Challenge Question for V2 of Truth Bowl (the ad hoc version)
You are a professor of philosophy at a large university. You’ve just received a panicky phone call from your former schoolmate Pat, the chair of humanities at a struggling liberal arts college out East. You vaguely remember hearing the school brought in an investment banker alum as president to pull off a turnaround. Pat informs you that said banker has invited a controversial book author to campus as a publicity stunt, and in one hour Pat is expected to face that author in some sort of debate.
Pat (and you) have never read the book or heard the author speak. However, many of your peers consider him a right-wing reactionary with the ear of Trump, who wants to abolish modern education and replace universities with some sort of theocratic communes. Previous invitations for him to speak at major universities have been rescinded due to outraged protests by students and faculties. That’s probably why this college president jumped at the chance to gain notoriety as the first school to host the author — and didn’t tell anyone until the last minute.
Several colleagues have urged Pat to quit and boycott the event, since it feels like a setup; better to be a martyr than risk legitimizing someone who seems both willing and able to destroy everything they stand for.
There isn’t much time. The only background material you have to go on is one relatively balanced book review.
Challenge Question: What advice would you give Pat, and why?
Options include (but are not limited to):
– Directly engaging with / critiquing (the ideas of) the author
– Proposing a debate format that would ensure Pat’s views get a fair hearing, despite the lack of preparation (Pat has enough authority to dictate the format, but not enough to escape the debate )
– Providing a clear rationale why it is Pat’s moral duty to boycott the event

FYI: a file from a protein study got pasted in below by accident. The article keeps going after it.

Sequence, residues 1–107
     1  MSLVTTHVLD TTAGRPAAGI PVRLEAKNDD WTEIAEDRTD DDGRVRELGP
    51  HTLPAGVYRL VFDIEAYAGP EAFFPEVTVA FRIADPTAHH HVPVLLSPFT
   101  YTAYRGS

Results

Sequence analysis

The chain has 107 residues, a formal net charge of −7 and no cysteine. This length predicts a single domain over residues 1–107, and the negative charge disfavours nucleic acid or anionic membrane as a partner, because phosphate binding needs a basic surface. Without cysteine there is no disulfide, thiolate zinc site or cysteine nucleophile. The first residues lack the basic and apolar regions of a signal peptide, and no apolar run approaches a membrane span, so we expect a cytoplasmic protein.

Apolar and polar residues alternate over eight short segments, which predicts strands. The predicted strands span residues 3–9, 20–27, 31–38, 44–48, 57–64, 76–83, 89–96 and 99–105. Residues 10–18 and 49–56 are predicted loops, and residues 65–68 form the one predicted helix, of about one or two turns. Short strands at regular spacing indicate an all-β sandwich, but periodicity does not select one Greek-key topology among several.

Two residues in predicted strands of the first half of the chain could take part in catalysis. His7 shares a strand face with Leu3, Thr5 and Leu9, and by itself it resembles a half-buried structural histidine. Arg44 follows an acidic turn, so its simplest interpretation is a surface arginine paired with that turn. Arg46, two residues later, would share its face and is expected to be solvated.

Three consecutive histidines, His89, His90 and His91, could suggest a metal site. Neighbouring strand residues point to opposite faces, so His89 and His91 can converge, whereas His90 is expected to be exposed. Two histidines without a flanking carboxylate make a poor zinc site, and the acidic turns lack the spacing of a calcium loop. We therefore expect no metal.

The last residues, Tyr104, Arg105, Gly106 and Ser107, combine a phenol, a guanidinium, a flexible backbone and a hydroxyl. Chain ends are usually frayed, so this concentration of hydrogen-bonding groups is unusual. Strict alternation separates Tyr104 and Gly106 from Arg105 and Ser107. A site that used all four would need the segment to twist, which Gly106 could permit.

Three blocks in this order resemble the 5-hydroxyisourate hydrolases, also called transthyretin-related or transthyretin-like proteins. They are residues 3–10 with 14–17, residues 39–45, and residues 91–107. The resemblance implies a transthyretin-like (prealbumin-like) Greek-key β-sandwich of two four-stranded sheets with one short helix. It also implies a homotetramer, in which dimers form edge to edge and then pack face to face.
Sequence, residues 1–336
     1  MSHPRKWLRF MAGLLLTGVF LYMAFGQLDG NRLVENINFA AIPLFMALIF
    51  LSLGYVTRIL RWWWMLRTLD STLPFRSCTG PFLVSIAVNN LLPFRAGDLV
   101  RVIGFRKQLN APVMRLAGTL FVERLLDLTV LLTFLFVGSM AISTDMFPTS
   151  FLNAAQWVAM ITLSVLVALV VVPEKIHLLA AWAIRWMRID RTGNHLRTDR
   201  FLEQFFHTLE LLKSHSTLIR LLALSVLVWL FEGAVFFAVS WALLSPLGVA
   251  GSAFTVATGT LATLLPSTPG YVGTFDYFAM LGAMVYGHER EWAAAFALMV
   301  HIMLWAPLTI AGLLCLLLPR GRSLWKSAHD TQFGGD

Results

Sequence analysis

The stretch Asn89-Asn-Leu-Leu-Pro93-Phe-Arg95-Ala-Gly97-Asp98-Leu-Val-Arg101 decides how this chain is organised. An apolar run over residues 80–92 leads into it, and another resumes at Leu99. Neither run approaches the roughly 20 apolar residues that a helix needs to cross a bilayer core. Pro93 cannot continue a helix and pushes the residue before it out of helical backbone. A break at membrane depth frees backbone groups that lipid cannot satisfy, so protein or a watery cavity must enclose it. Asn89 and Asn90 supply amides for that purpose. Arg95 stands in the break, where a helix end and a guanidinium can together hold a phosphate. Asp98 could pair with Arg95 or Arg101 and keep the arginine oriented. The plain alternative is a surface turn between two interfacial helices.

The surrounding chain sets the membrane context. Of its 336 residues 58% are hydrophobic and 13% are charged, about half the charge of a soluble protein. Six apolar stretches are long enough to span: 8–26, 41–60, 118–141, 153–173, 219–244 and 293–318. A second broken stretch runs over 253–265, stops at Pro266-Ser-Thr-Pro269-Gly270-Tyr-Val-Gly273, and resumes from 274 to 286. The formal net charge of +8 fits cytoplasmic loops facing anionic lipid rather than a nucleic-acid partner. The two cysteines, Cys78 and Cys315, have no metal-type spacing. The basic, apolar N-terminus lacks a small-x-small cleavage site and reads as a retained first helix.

From Elinor Ostrom via Evonomics.
Eight core design principles:
- Clearly defined boundaries
- Proportional equivalence between benefits and costs
- Collective choice arrangements
- Graduated sanctions
- Fast and fair conflict resolution
- Local autonomy
- Appropriate relations with other tiers of rule-making authority (polycentric governance).
RadicalCentrism.org is proud to announce a monumental new work by Billy Rojas:
100 New Constitutional Amendments for the 21st Century
A Radical Centrist Vision for the Future:
100 New Constitutional Amendments
Billy Rojas – RadicalCentrism.org – 2011
Update: The contents of this page have become part of the sub-site A Radical Centrist Vision for the Future: 100 New Constitutional Amendments for the 21st Century.
I’ve been enjoying a series of blog posts by Steve Denning about the reinvention of modern management, not least because they mirror my own thinking about Sustainable Capitalism (2.0). Although he focuses on corporations, I believe the same kind of outside-in, human-centric thinking is essential for revitalizing both politics and government.
While much of the information from his blog is presumably collected in his book Radical management | Reinventing the workplace for the 21st Century, there isn’t a good index of what I consider his key themes. To that end, I’ve collected them in outline form here.
The Death—and Reinvention—of Management
- The Death—and Reinvention—of Management: Part 1
- Reinventing Management: Part 2: Delighting the client
- Reinventing Management: Part 3: From controller to enabler
- Reinventing Management: Part 4: From bureaucracy to dynamic linking
- Reinventing Management: Part 5: From value to values
- Reinventing Management: Part 6: From command to conversation
- “Do we really have to do all five shifts at once?”
Measuring Business’s New Bottom Line: Customer Delight
- The Cathedral and the Bazaar
- Open government and “next generation democracy” – O’Reilly Radar
- Why Congress Needs a Version Control System – O’Reilly Radar
- Mobilize.org » Democracy 2.0
- Democracy 2.0 – Next Generation Democracy